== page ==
By Lee Haye-ah
WASHINGTON, Oct. 10 (Yonhap) -- The United States must not repeat the failure of past denuclearization negotiations with North Korea by offering premature sanctions relief, former U.S. National Security Adviser H.R. McMaster said Thursday.
"That's the definition of insanity, if we do that again," McMaster, who served under President Donald Trump until April 2018, said during a discussion at the Foundation for Defense of Democracies.
His comments come after working-level denuclearization talks between the U.S. and the North broke down again in Sweden last weekend.
North Korea accused the U.S. of failing to come up with a new proposal acceptable to Pyongyang, while Washington said it brought "creative ideas" and had "good" discussions with the North.
"I don't think it hurts to ... have another summit," McMaster said, alluding to what would be a fourth meeting between Trump and North Korean leader Kim Jong-un. "In fact, I think the summits were beneficial in a certain way because in the past, the way that they've been approached before was all bottom-up, and there are just too many opportunities for spoiling."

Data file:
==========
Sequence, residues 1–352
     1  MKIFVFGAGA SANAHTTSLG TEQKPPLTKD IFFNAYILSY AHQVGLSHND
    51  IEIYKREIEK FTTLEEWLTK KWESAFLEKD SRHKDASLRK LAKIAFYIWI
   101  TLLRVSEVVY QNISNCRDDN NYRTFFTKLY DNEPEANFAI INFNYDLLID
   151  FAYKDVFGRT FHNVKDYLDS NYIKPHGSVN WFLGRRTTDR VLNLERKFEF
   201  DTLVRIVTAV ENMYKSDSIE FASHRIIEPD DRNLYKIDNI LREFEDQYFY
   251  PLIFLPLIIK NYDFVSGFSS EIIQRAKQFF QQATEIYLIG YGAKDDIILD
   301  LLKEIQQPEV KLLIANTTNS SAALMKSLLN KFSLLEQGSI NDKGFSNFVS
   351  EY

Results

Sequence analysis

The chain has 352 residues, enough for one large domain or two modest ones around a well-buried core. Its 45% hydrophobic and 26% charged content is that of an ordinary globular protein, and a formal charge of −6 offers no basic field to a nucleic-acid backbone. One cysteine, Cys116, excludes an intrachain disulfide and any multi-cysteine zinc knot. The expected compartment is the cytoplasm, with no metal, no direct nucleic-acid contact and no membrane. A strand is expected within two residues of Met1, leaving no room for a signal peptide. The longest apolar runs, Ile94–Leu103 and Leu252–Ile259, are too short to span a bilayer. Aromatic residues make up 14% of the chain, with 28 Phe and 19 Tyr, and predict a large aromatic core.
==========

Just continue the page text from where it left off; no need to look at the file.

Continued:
"If there was going to be a breakthrough," he added, "it would be with an unconventional president with really, still to some degree, an unknown quantity in Kim Jong-un."
The U.S. and North Korea have had on-again, off-again negotiations for decades to try to dismantle the regime's nuclear weapons and ballistic missile programs in exchange for economic and political concessions.
The latest effort under Trump and Kim has stalled as North Korea has demanded sanctions relief and security guarantees in parallel with its denuclearization steps. Meanwhile, the U.S. has demanded the North take significant denuclearization measures first.
McMaster said there is a recognition in the U.S. that it cannot repeat the mistakes of the past by allowing North Korea's "provocation cycle" -- an apparent reference to its latest missile tests -- to result in premature sanctions relief based on an empty promise of negotiations with no meaningful progress toward denuclearization.
"And then, of course, what happens next? Long drawn-out negotiations, during which the North Koreans try to extort more money and payoffs from us," he said. "And then ultimately what do you get? You get a weak agreement that locks in the status quo as the new normal. And then North Korea breaks that agreement right away."
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